Sangh Parivar expands reach in Andhra Pradesh, but faces resistance

Hindutva groups push their agenda in a State with complex religious demographics, but social movements and competing political agendas pose challenges.

Published : Feb 08, 2024 00:26 IST - 6 MINS READ

RSS workers at the Visakha Mahanagar meeting at Andhra University in Visakhapatnam in February, 2023. 

RSS workers at the Visakha Mahanagar meeting at Andhra University in Visakhapatnam in February, 2023.  | Photo Credit: V RAJU

Every Hindu house mounted a saffron flag and welcomed Ram, said a young BJP leader from Amalapuram in Andhra Pradesh, speaking about the pran pratishtha celebrations in his town on January 22. A Rashtriya Swayamsevak Sangh member since childhood, he believes that the Ram temple issue gives the Sangh, its affiliate organisations, and the BJP in Andhra Pradesh a much-needed morale boost.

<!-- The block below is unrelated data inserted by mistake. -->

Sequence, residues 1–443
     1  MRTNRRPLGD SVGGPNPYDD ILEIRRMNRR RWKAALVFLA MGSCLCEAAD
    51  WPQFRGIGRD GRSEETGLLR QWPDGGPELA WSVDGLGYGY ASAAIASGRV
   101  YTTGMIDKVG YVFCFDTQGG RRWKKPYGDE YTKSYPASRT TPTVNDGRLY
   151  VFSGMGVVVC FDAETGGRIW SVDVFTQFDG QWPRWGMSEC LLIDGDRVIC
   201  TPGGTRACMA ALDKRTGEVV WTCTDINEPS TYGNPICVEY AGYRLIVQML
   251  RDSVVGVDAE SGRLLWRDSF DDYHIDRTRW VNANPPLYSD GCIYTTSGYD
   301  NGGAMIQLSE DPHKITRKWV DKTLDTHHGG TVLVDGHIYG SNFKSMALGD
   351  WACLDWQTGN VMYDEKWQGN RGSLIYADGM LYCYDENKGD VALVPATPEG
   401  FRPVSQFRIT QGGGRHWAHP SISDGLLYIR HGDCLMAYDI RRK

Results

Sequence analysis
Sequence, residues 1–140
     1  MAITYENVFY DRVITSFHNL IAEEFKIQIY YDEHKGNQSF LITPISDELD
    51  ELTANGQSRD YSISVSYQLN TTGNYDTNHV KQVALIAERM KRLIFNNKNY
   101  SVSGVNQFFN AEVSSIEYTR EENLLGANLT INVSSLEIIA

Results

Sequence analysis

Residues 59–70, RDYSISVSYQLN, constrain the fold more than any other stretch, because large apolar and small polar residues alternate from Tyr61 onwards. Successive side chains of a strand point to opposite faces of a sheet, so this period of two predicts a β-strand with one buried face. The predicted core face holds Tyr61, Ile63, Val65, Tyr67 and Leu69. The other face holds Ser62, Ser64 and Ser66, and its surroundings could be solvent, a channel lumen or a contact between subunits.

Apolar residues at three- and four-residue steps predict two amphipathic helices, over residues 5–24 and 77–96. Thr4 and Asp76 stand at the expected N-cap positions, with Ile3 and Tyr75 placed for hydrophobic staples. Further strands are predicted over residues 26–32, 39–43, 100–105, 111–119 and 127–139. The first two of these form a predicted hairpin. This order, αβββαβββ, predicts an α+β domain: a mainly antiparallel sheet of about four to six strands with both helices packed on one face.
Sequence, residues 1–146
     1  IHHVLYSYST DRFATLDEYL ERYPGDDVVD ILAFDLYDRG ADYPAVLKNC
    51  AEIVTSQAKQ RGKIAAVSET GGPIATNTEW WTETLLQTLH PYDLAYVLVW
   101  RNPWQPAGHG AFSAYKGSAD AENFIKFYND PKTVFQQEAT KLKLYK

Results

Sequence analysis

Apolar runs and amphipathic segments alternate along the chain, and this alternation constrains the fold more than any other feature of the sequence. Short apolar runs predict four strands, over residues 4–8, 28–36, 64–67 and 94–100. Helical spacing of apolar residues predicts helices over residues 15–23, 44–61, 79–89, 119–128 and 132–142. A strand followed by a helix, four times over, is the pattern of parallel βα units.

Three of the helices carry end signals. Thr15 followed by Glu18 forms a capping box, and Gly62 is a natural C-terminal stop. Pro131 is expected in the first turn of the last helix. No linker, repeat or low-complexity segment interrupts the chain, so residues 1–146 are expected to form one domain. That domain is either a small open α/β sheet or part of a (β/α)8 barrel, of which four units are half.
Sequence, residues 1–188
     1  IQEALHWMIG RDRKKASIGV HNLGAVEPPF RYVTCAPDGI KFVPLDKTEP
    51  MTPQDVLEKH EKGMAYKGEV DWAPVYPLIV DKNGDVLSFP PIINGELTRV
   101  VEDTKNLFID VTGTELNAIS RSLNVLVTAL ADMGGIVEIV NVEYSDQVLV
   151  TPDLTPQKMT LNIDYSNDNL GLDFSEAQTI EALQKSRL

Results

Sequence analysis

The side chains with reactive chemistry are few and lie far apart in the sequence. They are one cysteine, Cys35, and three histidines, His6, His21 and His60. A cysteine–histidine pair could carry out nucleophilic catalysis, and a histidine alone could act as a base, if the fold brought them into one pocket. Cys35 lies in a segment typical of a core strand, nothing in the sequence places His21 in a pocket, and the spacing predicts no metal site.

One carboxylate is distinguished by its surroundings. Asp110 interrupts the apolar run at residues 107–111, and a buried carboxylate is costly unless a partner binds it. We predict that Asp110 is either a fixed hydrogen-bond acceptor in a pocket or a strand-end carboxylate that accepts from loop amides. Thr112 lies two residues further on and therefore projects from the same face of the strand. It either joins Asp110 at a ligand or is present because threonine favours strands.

Andhra Pradesh has had a substantial network of Sangh-affiliated organisations for several decades, yet their attempts at saffronisation have proceeded at a strained pace. Amalapuram town in B.R. Ambedkar Konaseema district is one of the few districts where Hindutva has gained ground, according to activists and observers that Frontline spoke to. In 2022, the government announced that the newly reorganised Konaseema district would be named after B.R. Ambedkar. The decision was met with arson and violent protests in Amalapuram. Some activists claimed that the opposition to the renaming was not just because of deep-seated casteism but also because of the involvement of Hindutva groups.

There is an increasing proliferation of Hindutva among the OBCs of this region, according to Y. Rajesh, general secretary, Human Rights Forum (HRF), Andhra Pradesh. “The entry is through religious means.” He explained, “If you are associated with a Sangh Parivar affiliate, they ensure special darshan for you in some temples. Then there are free health camps, social services, and so on. One can witness changes such as the pronounced assertions about Ram Mandir, besides anti-Christian and anti-Dalit sentiments in the erstwhile West and East Godavari districts region.”